The Parent Problem
Where to draw the line between childhood and adulthood is as old an issue as the concepts themselves. My own parents were both amused and annoyed that Stanford sent them the bills for my tuition, room, and board, but did not send them my grades because, as far as Stanford was concerned, I was a newly-minted adult (with the zero balance in my bank account to prove it).
As a parent, college consultant, and former admission director, I have thought a lot about the ambivalent relationship to parents that is built into the transition from high school to college in the United States. As if by magic, our kids are supposed to morph from child to adult when they walk down the jetway to board the plane, or hop into the passenger seat, for that much-hyped trip from bedroom at home to dorm room at college. The whole transition to college apparatus — high school counselors, independent college consultants, college admission directors, and freshman orientation programs — tends to give short shrift to parents' emotional and informational needs. The focus is the students; but often, we could better serve our students by better addressing the needs of their parents.
It is virtually impossible to work in this field without collecting anecdotes that demonstrate inappropriate, overbearing parental behavior. A parent should not write a student's college application essays any more than a parent should write a student's essays for English class. But we need to be more sensitive to the variety of connections between teens and parents, and cultural differences in parental input into major life decisions.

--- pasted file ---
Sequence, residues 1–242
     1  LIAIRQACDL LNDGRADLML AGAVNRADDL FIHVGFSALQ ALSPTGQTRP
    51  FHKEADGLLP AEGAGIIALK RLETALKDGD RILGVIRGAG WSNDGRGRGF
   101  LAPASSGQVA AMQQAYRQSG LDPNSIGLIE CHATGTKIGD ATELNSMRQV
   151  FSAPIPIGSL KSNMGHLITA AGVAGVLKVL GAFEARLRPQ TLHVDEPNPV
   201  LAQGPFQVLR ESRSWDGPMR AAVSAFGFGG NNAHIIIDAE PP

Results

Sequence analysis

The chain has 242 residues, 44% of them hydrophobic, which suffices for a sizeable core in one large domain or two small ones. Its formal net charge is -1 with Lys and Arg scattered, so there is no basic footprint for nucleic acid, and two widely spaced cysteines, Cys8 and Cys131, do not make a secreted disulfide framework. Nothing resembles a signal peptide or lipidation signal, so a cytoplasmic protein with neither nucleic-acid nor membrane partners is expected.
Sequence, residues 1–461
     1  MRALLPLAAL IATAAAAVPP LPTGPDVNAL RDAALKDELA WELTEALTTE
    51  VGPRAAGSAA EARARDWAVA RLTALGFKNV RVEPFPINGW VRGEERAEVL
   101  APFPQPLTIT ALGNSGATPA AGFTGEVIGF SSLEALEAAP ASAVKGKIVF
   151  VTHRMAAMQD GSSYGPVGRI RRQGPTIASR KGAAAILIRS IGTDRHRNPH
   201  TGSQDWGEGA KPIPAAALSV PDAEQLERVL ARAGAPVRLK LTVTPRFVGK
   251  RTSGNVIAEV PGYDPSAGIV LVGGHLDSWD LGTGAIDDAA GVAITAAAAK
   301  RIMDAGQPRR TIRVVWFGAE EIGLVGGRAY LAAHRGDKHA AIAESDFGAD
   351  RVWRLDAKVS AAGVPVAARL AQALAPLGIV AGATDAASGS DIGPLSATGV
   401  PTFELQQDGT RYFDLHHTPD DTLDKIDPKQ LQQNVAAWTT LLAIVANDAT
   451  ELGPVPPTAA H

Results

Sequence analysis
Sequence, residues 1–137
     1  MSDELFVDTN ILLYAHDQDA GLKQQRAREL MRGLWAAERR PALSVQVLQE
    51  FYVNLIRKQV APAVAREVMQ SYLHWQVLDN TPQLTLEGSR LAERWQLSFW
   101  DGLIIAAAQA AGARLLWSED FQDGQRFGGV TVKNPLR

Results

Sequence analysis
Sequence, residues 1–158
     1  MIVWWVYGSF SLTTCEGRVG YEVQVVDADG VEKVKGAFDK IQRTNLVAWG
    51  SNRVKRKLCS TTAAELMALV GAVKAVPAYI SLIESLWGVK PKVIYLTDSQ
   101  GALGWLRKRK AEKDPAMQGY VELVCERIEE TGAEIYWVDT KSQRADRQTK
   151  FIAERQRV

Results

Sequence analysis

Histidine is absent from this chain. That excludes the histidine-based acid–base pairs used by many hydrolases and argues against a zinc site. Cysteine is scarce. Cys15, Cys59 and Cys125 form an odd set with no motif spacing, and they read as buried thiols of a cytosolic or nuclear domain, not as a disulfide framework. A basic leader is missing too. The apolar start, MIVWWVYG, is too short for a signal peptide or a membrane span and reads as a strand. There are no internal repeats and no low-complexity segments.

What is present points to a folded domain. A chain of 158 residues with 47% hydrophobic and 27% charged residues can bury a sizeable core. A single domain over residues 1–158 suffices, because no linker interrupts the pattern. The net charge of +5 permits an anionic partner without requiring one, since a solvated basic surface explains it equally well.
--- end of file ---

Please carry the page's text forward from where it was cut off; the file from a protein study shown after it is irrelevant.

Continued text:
We miss opportunities when we construe parents as potential obstacles to their teens' maturation rather than partners in that process. First, parents can be a tremendous support for their kids as they research and apply to colleges. Parents are capable of providing perspective and alleviating anxiety, particularly if they can identify which of their kids' fears are unfounded or overblown.
Second, whatever conflicts may or may not exist in a family, parents know their kids better than admission pros. Their insights can help us be better guides to the students we counsel. Recently, the parent of a student told me that her daughter often becomes passionate about a particular idea or goal, and then drops it a few months later (common behavior for many teens). That piece of information gave me a context in which to talk with her daughter about how much her current passion should guide her decision-making about where to attend college.
The message should be more nuanced than, "You may stop parenting now, but please send your check to the following address." In fact, parenting doesn't stop; it changes. It happens at a distance, and as a result, in more concentrated spurts. It happens without the day-to-day surveillance we may wistfully view as a lost luxury.
"Going to college" is not a single event, one moment in time, like moving into a freshman dorm, that defines the onset of adulthood; it is many moments that give parent and child multiple chances to redefine their relationship. The more we recognize that parents are participants in this process rather than obstacles to pulling it off, the better consultants, counselors, and admission directors we will be.